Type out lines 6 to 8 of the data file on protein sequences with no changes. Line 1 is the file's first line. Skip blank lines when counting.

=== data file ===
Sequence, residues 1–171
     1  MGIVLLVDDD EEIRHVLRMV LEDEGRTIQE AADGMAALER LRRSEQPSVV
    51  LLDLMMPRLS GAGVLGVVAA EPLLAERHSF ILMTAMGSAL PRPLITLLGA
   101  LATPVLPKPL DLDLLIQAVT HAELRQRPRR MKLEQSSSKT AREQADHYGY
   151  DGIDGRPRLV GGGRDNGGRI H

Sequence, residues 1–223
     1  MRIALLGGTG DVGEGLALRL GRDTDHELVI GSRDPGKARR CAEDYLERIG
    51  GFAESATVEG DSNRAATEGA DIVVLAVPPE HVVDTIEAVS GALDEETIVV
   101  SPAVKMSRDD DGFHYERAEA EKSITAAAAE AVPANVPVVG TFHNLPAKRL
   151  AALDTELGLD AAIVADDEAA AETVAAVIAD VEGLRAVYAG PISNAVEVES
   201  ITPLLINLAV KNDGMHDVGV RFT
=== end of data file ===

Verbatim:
Sequence, residues 1–223
     1  MRIALLGGTG DVGEGLALRL GRDTDHELVI GSRDPGKARR CAEDYLERIG
    51  GFAESATVEG DSNRAATEGA DIVVLAVPPE HVVDTIEAVS GALDEETIVV